Crowd laps up canine keg pull

GREENFIELD — Undaunted by age, infirmity and rain, Moe the blind pug dragged two empty beer cans on a rope roughly half the length of a football field.

Moe or Moses, 11, and his compatriot Boris, a deaf 12-year-old French bulldog, were among the contestants in Sunday’s K-9 Keg Pull, an event that kept a modest crowd in Beacon Field for an hour after most Winter Carnival visitors had left under a steady rain.

Moe’s efforts were enough to garner third place in the can category. The beer cans were the lightest in the range of weights, beginning with a full-sized empty keg pulled easily by dogs such as Rosie and Clarence, Greenfield Police Lt. William Gordon’s Saint Bernard PTSD service dogs.

The Saint Bernards moved quickly and efficiently to the finish line.

Others needed some persuasion.

Owner Kelley Vallandingham of Greenfield led Maximus while her husband waited near the finish.

“I told him to go find daddy,” Vallandingham said.

Maximus, an unusually large golden retriever, had no trouble with the full-sized keg and made a bee-line for the finish.

“He’s going to go home and probably take a hot bath,” Vallandingham said after Maximus opted to lie down in a mud puddle at the finish.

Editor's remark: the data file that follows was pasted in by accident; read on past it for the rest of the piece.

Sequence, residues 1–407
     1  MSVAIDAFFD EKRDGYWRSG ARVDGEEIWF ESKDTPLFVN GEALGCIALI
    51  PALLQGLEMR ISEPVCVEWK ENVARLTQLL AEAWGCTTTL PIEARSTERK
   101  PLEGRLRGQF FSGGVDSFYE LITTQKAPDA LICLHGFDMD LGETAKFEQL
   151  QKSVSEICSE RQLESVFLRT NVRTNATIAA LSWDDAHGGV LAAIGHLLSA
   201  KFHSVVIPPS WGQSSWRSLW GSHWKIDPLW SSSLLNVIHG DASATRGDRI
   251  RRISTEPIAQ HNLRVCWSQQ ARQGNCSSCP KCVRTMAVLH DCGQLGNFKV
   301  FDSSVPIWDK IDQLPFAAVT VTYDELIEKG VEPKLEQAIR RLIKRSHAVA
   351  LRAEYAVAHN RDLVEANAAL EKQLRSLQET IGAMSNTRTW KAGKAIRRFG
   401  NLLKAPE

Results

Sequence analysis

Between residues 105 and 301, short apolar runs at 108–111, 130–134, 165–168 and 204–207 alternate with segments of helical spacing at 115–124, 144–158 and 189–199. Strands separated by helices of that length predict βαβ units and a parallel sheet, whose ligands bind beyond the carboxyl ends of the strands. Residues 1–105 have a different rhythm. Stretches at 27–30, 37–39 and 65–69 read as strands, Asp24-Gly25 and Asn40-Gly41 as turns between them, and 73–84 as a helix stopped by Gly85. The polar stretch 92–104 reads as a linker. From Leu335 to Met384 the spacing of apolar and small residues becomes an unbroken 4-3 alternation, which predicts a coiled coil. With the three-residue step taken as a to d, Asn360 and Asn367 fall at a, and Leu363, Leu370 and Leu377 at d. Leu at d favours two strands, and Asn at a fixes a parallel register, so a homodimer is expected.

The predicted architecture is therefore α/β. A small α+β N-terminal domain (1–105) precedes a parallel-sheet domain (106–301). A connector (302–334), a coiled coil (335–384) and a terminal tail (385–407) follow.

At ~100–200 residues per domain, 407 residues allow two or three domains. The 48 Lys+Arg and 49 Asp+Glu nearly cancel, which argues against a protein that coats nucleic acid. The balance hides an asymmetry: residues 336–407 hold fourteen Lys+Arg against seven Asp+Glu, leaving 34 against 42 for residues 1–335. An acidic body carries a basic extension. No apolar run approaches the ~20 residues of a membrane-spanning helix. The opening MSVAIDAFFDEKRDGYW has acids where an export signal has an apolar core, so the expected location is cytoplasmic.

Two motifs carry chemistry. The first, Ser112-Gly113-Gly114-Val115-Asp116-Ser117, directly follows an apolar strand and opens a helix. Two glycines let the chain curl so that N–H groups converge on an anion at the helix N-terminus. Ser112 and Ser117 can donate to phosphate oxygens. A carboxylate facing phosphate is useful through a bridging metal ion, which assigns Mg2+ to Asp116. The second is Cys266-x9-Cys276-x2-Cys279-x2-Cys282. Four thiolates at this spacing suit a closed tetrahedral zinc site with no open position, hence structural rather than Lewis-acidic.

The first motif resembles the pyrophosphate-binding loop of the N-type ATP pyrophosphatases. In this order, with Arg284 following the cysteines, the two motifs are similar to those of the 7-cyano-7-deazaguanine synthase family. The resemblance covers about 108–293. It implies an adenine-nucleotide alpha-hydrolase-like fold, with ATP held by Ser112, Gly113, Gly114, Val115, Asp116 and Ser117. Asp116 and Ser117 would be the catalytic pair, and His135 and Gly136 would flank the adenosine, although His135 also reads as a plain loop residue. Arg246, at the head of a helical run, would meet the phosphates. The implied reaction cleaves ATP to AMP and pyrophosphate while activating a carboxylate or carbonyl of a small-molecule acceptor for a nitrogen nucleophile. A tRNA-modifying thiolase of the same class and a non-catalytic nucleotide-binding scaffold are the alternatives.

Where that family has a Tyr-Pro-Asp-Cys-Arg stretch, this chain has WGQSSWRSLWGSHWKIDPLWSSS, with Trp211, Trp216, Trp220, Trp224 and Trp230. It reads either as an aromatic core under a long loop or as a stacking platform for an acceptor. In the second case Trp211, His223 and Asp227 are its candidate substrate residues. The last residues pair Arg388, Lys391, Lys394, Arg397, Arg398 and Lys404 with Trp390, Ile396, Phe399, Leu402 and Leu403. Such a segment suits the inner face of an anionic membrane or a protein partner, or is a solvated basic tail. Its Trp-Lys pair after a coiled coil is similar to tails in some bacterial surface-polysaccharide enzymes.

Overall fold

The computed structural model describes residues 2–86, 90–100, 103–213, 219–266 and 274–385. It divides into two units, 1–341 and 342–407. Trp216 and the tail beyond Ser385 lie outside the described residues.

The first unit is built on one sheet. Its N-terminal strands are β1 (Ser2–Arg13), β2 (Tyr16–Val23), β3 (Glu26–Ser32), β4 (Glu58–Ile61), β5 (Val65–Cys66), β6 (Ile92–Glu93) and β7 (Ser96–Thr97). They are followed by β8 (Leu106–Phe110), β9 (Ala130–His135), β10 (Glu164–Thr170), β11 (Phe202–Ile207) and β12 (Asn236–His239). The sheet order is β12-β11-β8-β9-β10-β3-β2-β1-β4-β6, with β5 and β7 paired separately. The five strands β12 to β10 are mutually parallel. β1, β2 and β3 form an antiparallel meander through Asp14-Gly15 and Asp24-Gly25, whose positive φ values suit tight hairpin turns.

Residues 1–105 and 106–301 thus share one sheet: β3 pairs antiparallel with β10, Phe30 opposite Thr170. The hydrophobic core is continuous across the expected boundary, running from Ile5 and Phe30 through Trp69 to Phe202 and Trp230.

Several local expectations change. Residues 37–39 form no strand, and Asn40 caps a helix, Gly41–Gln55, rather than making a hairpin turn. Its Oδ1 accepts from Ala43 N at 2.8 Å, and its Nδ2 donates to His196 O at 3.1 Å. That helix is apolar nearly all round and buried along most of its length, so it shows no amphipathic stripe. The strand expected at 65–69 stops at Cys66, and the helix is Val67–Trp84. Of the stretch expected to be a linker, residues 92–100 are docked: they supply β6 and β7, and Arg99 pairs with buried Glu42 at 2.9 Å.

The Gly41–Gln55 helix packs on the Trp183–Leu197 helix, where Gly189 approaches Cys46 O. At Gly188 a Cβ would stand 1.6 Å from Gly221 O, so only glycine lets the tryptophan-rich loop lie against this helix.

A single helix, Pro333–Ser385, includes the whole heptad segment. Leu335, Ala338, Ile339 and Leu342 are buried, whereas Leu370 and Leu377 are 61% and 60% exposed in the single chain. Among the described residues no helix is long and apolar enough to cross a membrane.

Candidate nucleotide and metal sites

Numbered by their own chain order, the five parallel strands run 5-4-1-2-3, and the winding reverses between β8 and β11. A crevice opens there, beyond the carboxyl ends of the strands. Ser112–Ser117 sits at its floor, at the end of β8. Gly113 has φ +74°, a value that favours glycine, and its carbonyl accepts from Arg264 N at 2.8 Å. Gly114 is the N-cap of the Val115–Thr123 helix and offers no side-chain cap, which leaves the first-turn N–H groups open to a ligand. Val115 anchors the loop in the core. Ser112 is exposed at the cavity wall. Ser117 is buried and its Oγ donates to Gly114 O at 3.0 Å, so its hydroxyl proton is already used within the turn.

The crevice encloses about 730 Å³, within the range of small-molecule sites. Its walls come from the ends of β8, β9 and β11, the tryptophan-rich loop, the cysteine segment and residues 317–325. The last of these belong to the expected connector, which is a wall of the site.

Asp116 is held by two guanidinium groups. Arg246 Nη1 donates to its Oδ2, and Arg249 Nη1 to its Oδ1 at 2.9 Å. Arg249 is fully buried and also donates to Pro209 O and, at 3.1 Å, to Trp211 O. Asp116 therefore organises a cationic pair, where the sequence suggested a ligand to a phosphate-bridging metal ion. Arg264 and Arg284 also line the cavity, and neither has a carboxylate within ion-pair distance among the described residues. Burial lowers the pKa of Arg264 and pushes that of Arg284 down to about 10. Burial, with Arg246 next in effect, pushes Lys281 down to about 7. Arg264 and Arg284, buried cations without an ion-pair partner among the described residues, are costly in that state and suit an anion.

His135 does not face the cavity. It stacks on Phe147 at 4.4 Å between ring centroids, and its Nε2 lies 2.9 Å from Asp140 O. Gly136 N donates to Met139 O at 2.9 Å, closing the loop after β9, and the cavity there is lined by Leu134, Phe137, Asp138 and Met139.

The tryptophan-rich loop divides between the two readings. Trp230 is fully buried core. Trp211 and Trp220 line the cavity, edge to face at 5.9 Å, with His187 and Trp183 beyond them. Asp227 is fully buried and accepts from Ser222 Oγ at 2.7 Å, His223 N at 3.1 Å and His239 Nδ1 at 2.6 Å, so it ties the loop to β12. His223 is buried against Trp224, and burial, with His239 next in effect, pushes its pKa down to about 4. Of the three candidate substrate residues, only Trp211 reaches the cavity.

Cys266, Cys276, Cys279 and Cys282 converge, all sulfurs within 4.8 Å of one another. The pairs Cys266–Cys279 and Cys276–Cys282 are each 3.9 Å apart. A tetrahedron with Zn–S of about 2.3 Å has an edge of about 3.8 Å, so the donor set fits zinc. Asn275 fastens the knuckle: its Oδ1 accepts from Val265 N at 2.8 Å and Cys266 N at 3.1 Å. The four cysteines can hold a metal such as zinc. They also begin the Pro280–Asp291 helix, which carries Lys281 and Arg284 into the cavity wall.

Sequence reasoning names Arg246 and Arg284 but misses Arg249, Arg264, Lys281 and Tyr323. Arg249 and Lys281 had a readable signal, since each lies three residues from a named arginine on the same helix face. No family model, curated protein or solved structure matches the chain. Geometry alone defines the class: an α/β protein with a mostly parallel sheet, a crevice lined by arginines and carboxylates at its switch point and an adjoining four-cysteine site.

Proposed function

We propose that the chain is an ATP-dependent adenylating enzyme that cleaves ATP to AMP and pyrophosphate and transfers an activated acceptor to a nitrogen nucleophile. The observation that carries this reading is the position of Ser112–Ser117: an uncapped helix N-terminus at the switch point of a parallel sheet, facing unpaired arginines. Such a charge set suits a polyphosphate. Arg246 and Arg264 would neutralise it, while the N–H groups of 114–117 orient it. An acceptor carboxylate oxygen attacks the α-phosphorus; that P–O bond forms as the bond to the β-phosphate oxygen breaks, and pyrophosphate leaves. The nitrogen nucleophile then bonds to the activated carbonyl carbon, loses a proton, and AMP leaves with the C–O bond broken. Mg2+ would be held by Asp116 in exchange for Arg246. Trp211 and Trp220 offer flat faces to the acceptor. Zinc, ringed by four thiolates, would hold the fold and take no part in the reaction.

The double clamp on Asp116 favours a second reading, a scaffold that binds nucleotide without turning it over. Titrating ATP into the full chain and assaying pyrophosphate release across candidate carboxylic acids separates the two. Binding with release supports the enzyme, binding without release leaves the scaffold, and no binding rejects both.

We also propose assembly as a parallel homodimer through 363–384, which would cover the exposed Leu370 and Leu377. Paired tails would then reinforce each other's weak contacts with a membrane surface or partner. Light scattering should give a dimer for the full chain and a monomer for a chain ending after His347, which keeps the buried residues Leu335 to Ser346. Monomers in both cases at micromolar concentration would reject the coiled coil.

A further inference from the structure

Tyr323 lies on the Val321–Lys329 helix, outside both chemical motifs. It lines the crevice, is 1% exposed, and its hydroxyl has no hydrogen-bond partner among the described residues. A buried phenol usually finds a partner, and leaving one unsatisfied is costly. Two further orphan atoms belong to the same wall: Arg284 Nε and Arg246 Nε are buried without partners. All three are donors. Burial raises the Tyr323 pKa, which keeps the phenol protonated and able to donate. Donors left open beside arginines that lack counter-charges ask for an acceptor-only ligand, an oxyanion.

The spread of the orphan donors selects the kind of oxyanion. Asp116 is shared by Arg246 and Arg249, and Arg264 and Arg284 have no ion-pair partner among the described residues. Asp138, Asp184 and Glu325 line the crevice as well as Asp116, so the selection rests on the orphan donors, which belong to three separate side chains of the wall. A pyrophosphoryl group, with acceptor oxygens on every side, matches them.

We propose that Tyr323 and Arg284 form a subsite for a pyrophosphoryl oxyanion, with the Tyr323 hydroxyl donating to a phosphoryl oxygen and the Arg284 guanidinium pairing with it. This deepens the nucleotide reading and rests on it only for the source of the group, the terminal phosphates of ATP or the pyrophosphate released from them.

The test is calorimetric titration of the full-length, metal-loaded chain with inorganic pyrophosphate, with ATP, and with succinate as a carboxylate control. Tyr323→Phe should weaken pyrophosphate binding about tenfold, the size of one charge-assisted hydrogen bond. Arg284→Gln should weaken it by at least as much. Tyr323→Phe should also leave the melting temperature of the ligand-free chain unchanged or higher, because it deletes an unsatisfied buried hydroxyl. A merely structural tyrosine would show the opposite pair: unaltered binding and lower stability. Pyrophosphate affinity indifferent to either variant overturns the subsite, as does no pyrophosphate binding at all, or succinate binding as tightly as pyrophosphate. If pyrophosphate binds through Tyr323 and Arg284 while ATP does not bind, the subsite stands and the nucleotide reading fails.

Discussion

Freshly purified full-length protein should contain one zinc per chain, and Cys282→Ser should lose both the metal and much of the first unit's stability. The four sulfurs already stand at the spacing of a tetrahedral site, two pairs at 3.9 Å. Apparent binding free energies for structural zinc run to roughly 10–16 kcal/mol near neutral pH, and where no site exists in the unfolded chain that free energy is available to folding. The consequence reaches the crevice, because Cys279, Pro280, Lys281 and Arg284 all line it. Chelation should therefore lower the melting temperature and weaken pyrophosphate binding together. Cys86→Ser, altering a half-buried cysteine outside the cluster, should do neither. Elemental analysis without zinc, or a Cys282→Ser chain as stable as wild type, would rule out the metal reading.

Twiggy, an 8-year-old pitbull-boxer mix of some sort belonging to Bill and Peg Torello of South Deerfield, sprinted half the length of the mud lane, then stopped to bounce around.

“She did that last year, too, said hello to the crowd,” Bill Torello said. “These guys competed last year so we wanted to do it again, get them out of the house.”

“Also, we first came last year because of the fundraiser for the paws park,” Peg Torello said. “I’ve seen them in other cities and they look great, I’m glad the money is going to that.”

The keg-pull, in its second year, was a fundraiser for the Paws Park Initiative.

Organizer Rachael Kashner of Greenfield, with the Paws Park Initiative, said the plan is to create a fenced-in park for dogs in Greenfield. The initiative has the backing of a donor who has pledged 90 percent of the cost to create the park, Kashner said, but a location remains to be found.

More than 30 dogs participated in the competition that kept a crowd interested and cheering despite the rain for almost an hour.

Joanna Chattman of Greenfield, whose blind pug managed a respectable third place in his class, said the carnival was absolutely worth it. Chattman said her dogs had competed in keg pulls elsewhere, and her son Miles, age 6, had a Millennium Falcon sled to enter in the cardboard sled race.

The sled judging in Beacon Field was canceled, as was hockey match between the Franklin County Sheriff’s Office and Franklin County Firefighters teams, ice bowling and other activities, but the sled-judging will proceed online. The Recreation Department asks contestants to email a photo of their sled to reco@greenfield-ma.govby 4 p.m. Friday.

Recreation Director Christy Moore said the carnival was well-attended Friday, Saturday and Sunday, up until the rain began around noon.

“Friday night it was beautiful,” Moore said, describing the fireworks reflecting off a field of snow.

You can reach Chris Curtis at: or 413-772-0261, ext. 25

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